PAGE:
From ArchWiki

Etckeeper is a collection of tools to keep track of /etc/ in a repository (Git, Mercurial, Bazaar or Darcs are supported). A pacman hook auto-commits changes before a system-upgrade and file permissions are tracked, which version control does not normally support, but is important for files like /etc/shadow.


Install the etckeeper package.


The preferred version control system (default is git) and other options are to be configured in /etc/etckeeper/etckeeper.conf.

Etckeeper supports using pacman as a LOWLEVEL_PACKAGE_MANAGER and HIGHLEVEL_PACKAGE_MANAGER in etckeeper.conf.


After configuration the repository for the /etc path has to be initialized:

# etckeeper init

And perform a first commit to keep track of the changes, this is a necessary step for etckeeper to be able to work automatically:

# etckeeper commit "first commit"

As of etckeeper version 1.18.3-1, pre-install and post-install pacman hooks are executed automatically on package installation, update and removal. A manual #Wrapper script is not required anymore.

To track other changes to the /etc path, you need to either commit changes manually (see the etckeeper(8) man page for commands) or use one of the stopgap solutions below.

Warning: git checkout/rebase/merge/cherry-pick/... can cause file permissions broken which then lead to e.g. SSH/sudo login denied.

git can not store file permissions directly so it is handled by etckeeper and you need to run the etckeeper init again to restore them after a checkout. Alternatively, you can use Systemd#systemd-tmpfiles - temporary files to preserve the permissions.


Service and timer units are included in the package. Simply enable etckeeper.timer.

See Systemd/Timers for more information and Systemd#Editing provided units if you wish to edit the provided units.


There is a cron script in the source distribution. You can use this script to automatically commit changes on a schedule.

For example, to make it run daily:

  1. Have cron installed and enabled.
  2. Put script as /etc/cron.daily/script_name.
  3. Permit execution of file for root (As the root user run chmod u+x /etc/cron.daily/script_name).

See cron#Cronie, cron for more information.


Note: This section applies only to incron version 5.10.

To automatically create commits on every file modification inside /etc/, use incron. It utilizes native filesystem signalling through inotify(7).

After installing incron and initializing etckeeper, add root to the users allowed to run incron scripts:

# echo root | tee -a /etc/incron.allow

Then edit the incrontab with:

# incrontab -e

Add in the text:

# /etc IN_MODIFY,IN_NO_LOOP /bin/etckeeper commit "[message]"

IN_NO_LOOP is a flag that waits for the commit to finish before running the next command, and prevents an infinite loop.

Where [message] could be something like "modified $#" where $# is a special incrontab wildcard expanded to the name of the file modified.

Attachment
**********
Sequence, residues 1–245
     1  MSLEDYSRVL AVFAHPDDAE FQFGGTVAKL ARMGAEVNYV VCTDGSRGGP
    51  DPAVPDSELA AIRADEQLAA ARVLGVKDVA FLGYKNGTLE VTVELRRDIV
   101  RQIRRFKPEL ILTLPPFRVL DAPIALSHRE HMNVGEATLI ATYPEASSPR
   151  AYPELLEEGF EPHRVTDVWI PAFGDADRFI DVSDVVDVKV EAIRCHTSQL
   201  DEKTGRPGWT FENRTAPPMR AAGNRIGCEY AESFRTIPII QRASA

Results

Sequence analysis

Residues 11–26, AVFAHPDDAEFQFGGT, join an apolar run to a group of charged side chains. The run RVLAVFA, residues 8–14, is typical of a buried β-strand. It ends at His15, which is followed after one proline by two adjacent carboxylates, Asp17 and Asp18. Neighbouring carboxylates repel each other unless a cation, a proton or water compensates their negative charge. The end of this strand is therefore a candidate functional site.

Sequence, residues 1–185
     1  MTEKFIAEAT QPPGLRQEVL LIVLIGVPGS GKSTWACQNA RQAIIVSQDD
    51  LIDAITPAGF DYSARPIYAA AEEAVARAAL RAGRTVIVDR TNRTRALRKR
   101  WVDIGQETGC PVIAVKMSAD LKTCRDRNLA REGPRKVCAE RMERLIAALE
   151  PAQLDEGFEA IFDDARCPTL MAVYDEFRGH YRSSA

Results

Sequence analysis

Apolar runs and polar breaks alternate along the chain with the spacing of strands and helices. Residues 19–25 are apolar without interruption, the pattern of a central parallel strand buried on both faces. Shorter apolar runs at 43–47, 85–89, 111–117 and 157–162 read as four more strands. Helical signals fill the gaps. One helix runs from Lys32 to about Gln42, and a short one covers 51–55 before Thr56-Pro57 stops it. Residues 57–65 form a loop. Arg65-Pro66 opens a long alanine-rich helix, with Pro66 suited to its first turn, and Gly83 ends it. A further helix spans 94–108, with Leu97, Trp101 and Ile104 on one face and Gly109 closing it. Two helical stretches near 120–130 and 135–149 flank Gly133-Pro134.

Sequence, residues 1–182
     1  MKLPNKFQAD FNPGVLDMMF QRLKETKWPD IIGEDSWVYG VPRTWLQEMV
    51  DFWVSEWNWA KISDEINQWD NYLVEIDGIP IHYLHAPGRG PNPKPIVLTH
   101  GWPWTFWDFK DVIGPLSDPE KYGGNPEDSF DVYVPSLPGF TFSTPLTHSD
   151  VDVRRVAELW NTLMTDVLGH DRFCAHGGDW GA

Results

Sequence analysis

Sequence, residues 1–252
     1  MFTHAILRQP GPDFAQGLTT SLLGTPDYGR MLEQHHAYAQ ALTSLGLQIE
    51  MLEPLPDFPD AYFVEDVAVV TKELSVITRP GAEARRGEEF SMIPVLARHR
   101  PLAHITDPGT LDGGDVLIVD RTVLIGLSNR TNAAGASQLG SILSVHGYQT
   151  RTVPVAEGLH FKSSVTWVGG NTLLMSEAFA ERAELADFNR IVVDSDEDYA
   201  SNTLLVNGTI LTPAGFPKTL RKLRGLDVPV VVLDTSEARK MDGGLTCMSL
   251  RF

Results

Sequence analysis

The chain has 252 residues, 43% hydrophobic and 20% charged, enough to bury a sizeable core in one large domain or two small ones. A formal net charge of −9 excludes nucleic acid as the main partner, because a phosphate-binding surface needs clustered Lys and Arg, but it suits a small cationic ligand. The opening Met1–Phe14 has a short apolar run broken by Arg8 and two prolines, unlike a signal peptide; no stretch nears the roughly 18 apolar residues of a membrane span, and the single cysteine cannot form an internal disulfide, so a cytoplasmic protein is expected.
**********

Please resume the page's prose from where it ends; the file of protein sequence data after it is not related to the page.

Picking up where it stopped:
Do note that Incron is not capable of watching subdirectories. Only files within the path will be monitored. If you need subdirectories monitored, you must give them their own entry. However, commits when top-level files are modified will still commit all changes.

See: [1], incrond(8)

Automatic push to remote repo

Warning: Pushing your etckeeper repository to a publicly accessible remote repository can expose sensitive data such as password hashes or private keys. Proceed with caution.

Whilst having a local backup in /etc/.git is a good first step, etckeeper can automatically push your changes on each commit to a remote repository such as Github.

First, login as root, then from the /etc/.git directory, add your remote Github repository:

# git remote add origin

Next, one of two hooks must be used or configured to push:

Using etckeeper provided hook

Edit the PUSH_REMOTE option in /etc/etckeeper/etckeeper.conf, with the name of the remote repository you want etckeeper to push to. For example:


Multiple remote repositories can be added separated with spaces.

Through a custom hook

Create an executable file /etc/etckeeper/commit.d/40github-push:

set -e

if [ "$VCS" = git ] && [ -d .git ]; then
  cd /etc/
  git push origin master

Wrapper script

If you want to track changes of a frequently executed command (e.g. command), a simple wrapper script can help to automate it. For example, create:


etckeeper pre-install
etckeeper post-install

and make it executable. Alternatively, you may call the Etckeeper commands via a bash alias or function, see Bash#Aliases for more information.

Note: Before Etckeeper version 1.18.3-1 such manual wrapper script was required for Pacman integration. Now the Pacman hooks perform the commands automatically.


To automatically commit the change after each Reflector invocation, make the reflector.service depend on etckeeper.service by creating a drop-in file on reflector.service with following content:

Note: Commit message of automatic changes will be “daily autocommit”, since the unit provided by #systemd is reused. To change that message, create a new script and systemd service.